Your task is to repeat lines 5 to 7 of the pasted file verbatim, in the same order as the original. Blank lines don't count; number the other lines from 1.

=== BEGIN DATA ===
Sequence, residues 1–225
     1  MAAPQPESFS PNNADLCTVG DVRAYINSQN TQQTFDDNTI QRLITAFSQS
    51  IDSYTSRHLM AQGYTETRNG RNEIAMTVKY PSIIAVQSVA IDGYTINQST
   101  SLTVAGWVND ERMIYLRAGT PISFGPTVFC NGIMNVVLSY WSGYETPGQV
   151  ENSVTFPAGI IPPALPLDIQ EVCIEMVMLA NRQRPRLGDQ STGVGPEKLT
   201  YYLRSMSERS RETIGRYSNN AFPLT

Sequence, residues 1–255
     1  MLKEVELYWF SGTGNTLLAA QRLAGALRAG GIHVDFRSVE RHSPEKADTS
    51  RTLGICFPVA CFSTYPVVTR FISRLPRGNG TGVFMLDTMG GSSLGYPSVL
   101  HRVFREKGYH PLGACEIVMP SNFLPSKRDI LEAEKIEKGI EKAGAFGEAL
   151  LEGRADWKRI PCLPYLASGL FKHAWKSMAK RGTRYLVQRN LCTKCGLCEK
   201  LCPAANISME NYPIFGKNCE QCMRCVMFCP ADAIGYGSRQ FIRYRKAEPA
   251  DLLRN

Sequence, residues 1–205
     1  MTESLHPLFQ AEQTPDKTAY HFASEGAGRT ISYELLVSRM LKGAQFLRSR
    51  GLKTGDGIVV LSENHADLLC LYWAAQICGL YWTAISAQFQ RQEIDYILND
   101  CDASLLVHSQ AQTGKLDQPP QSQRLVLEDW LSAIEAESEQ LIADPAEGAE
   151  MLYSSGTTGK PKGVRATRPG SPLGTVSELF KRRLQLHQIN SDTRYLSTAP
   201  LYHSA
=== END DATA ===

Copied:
   151  ENSVTFPAGI IPPALPLDIQ EVCIEMVMLA NRQRPRLGDQ STGVGPEKLT
   201  YYLRSMSERS RETIGRYSNN AFPLT

Sequence, residues 1–255